One of the most common questions I get from parents is, “How do I get my child to brush their teeth?” to which I respond, “How do you get your child to eat their vegetables?” Parenting is wrought with these daily challenges and as you get to know your child more and more, you will learn that what works to motivate one child, may not appeal to another.
Mary Holmgren unexpectedly learned how tough it is for a teen to recover from a concussion. After a headbutt during a wrestling match injured her son Kyle, the high schooler suffered headaches and forgetfulness for weeks. It took a bit of pressure for him to cooperate in his healing.
As you prepare your child’s back-to-school checklist, you want to make sure you have a comprehensive eye examination as part of that list. Did you know that 80 percent of learning is done through vision? Eye exams are just as important as dental visits and annual physicals. As an optometrist, I believe it is important to have your child’s eyes examined to encourage normal vision development and academic achievement.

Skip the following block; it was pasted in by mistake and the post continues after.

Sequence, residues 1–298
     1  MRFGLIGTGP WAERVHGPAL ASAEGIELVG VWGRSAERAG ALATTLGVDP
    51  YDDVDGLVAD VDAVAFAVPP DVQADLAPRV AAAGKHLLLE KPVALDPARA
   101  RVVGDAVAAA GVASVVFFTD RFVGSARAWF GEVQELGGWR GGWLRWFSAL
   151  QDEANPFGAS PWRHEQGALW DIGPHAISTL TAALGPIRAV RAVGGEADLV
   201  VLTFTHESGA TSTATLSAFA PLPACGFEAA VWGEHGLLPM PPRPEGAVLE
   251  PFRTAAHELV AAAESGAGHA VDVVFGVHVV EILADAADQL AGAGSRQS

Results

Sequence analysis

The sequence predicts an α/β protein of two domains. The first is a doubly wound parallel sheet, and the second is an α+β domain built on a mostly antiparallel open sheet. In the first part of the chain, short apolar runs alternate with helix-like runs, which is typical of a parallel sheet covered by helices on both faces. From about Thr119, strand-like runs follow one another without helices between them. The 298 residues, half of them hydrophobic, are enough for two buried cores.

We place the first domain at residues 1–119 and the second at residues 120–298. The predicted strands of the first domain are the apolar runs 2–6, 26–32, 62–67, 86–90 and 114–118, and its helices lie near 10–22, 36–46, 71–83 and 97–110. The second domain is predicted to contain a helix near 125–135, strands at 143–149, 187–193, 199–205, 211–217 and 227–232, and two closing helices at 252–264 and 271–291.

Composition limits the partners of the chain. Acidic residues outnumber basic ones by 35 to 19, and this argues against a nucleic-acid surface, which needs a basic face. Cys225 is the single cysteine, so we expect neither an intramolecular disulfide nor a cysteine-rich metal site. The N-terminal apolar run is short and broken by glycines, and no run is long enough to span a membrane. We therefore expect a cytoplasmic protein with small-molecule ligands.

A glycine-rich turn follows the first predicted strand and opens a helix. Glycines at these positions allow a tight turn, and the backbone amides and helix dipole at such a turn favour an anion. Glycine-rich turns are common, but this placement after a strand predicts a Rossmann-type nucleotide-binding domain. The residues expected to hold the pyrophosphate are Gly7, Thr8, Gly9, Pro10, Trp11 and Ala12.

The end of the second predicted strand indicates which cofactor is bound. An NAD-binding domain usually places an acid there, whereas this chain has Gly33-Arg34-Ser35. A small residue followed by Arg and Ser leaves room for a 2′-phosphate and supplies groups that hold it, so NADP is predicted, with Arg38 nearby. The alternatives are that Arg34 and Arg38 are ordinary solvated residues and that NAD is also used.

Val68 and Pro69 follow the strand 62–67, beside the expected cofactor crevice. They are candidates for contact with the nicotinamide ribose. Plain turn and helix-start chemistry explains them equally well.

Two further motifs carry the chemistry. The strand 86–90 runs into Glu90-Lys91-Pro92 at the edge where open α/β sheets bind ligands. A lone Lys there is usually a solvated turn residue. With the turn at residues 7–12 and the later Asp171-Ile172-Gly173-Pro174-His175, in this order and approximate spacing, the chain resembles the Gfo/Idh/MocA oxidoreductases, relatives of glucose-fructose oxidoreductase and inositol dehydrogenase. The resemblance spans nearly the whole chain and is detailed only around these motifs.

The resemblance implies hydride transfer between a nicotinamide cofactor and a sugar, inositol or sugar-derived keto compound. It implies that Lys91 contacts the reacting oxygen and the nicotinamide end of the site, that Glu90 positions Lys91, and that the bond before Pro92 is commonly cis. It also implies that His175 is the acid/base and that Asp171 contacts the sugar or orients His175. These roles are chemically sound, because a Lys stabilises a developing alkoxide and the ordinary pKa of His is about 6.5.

No parent sets out to raise a quitter; no teacher sets out to nurture one. Your lip curls just at the suggestion, doesn’t it? My thoughts on this loaded subject crystallized when the following questions from a reporter came across my desk: “When is it okay for a child to quit a sport or activity? How can adults determine the difference between a truly bad fit and a child who simply wants to stop when the going gets tough, only to start another activity and repeat the cycle?”
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